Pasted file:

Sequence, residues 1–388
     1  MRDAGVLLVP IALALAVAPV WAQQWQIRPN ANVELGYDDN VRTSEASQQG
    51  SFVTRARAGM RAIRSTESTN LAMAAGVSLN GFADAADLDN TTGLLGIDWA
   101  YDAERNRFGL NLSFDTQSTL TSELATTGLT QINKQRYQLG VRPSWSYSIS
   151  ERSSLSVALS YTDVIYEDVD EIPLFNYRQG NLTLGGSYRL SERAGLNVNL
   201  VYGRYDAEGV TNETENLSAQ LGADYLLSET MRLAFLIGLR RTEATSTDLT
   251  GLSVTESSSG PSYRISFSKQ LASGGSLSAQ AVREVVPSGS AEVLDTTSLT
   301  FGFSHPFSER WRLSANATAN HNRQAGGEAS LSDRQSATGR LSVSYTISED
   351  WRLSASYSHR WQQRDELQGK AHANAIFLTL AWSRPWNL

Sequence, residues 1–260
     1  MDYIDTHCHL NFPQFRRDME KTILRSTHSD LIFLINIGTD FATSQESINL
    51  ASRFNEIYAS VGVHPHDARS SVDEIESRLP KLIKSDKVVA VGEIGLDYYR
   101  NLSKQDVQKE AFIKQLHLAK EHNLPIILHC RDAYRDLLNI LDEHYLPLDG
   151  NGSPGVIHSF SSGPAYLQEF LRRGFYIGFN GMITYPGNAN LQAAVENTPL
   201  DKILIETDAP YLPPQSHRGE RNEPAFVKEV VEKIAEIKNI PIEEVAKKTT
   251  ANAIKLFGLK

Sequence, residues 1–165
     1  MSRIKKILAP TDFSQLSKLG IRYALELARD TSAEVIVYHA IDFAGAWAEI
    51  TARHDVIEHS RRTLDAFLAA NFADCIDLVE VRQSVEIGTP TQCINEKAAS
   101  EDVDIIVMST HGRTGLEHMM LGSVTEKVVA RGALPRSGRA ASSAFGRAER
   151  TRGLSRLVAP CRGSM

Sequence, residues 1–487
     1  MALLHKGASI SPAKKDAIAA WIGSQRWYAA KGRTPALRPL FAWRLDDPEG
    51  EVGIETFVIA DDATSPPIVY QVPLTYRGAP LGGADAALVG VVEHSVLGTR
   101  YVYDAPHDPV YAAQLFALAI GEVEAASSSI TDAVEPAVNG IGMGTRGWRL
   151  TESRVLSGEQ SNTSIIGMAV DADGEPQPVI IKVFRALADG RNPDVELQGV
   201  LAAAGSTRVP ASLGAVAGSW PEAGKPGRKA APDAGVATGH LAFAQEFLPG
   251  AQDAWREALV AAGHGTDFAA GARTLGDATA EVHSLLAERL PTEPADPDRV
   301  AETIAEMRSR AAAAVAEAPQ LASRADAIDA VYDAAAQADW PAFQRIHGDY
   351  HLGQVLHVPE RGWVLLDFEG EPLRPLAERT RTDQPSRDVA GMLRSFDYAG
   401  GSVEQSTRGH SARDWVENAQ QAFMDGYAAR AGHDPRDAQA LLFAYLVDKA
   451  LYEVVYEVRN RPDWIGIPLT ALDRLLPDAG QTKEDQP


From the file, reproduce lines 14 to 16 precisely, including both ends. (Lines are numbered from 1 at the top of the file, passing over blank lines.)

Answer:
   151  NGSPGVIHSF SSGPAYLQEF LRRGFYIGFN GMITYPGNAN LQAAVENTPL
   201  DKILIETDAP YLPPQSHRGE RNEPAFVKEV VEKIAEIKNI PIEEVAKKTT
   251  ANAIKLFGLK